Performance figures for each account are calculated using time weighted rate of returns on a daily basis. The Composite returns are calculated based on the asset-weighted monthly composite constituents based on beginning of month asset mix and include the reinvestment of all earnings as of the payment date. Composite returns are as follows:

Who needs a crystal ball when you have gold?

By Rob Edel, CFA



The NWM Portfolio

Returns for the NWM Core Portfolio increased a strong 2.3% for the month of July.  The NWM Core Portfolio is managed using similar weights as our model portfolio and is comprised entirely of NWM Pooled Funds and Limited Partnerships. Actual client returns will vary depending on specific client situations and asset mixes.

Interest rates were unexciting in July, with only a slight flattening in Canadian and U.S. yield curves worth noting.  NWM Bond was up an equally humdrum 0.2%.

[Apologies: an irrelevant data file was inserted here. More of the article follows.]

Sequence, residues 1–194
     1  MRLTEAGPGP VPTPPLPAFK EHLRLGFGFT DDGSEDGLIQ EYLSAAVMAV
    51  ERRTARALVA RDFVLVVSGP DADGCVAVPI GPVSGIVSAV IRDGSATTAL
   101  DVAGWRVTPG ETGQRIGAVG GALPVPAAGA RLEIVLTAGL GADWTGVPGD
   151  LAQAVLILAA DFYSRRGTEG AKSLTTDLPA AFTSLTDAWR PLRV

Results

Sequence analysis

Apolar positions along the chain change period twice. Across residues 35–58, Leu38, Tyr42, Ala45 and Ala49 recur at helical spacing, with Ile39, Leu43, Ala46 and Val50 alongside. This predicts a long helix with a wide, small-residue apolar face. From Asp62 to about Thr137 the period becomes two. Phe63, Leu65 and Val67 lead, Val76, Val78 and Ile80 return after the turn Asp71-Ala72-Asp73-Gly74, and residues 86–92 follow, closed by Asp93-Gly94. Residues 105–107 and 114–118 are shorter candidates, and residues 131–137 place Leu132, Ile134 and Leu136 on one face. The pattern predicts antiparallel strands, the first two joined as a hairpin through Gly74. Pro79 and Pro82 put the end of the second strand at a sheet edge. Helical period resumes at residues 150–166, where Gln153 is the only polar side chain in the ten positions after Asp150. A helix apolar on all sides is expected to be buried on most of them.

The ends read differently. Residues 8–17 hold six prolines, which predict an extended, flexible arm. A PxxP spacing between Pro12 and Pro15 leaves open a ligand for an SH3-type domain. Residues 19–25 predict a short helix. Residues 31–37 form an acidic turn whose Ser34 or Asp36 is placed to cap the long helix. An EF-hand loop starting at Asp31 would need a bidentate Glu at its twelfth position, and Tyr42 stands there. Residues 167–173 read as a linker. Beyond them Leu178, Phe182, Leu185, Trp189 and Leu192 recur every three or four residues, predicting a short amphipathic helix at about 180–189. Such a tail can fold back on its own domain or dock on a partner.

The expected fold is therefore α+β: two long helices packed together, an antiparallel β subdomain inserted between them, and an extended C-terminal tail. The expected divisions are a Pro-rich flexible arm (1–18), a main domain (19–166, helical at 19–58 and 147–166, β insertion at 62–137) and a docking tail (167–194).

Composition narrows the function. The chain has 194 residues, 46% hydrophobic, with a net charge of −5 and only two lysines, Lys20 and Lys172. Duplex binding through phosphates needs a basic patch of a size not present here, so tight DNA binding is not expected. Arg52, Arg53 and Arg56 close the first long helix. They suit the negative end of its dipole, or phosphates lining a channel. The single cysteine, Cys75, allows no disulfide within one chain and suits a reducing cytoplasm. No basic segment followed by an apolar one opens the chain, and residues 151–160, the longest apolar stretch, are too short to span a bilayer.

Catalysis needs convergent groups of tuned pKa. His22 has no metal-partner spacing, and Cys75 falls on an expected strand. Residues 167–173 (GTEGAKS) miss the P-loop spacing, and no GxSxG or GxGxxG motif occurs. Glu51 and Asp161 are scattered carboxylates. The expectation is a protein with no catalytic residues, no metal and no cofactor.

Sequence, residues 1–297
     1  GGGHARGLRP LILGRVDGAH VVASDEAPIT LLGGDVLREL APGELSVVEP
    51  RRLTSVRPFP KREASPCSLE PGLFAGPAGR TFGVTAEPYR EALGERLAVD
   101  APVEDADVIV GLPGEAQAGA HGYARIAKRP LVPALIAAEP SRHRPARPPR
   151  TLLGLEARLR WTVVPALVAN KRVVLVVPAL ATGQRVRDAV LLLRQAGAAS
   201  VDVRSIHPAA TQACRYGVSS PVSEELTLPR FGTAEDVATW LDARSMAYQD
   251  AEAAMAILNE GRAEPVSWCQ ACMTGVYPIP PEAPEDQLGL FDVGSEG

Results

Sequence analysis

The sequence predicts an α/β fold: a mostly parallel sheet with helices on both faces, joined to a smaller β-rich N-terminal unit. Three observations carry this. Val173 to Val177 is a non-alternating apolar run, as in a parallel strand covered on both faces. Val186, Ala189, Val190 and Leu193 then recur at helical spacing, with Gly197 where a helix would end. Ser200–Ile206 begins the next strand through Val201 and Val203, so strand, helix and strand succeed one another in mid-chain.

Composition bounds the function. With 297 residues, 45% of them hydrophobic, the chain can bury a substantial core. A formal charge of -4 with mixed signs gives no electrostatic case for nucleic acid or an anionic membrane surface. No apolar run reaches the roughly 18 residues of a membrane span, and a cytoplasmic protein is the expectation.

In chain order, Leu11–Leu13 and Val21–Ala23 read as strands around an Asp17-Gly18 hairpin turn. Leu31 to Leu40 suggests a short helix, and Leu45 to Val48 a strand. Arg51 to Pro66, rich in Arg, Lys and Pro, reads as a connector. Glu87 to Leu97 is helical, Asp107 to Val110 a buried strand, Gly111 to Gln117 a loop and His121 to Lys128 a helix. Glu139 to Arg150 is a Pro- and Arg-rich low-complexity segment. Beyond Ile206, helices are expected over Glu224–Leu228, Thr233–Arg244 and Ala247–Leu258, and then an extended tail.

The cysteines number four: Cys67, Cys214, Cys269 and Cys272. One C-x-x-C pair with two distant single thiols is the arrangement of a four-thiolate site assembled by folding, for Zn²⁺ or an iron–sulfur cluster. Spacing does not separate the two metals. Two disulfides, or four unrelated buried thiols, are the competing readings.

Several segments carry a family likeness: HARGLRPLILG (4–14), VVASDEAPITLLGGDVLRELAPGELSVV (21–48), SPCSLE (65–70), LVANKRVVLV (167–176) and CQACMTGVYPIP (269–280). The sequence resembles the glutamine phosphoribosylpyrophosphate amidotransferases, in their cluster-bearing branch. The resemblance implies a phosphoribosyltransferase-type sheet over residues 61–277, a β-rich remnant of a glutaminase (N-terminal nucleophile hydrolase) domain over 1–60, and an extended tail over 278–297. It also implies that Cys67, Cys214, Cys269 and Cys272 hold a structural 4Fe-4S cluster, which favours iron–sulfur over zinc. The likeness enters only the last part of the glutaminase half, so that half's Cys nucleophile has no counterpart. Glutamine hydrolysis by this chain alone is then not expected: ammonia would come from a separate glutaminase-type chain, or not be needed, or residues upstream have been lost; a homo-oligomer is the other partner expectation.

High yield bonds, on the other hand, were quite exciting, with NWM High Yield Bond up 3.0% in July.  Gains were seen across the broad credit spectrum, but energy, metals, and mining have been the main market drivers year to date.

Global bonds were also strong in July with NWM Global Bond up 1.8%.  Interest rates, currency, and credit spreads all contributed to performance last month.

The mortgage pools continued to deliver consistent returns, with NWM Primary Mortgage and NWM Balanced Mortgage returning +0.3 and +0.4% respectively in July.  Current yields, which are what the funds would return if all mortgages presently in the fund were held to maturity and all interest and principal were repaid and in no way is a predictor of future performance, are 4.3% for NWM Primary Mortgage and 5.6% for NWM Balanced Mortgage.  NWM Primary ended the month with cash of $14.3 million, or 8.9%.  NWM Balanced ended the month with $34.2 million in cash, or 8.2%.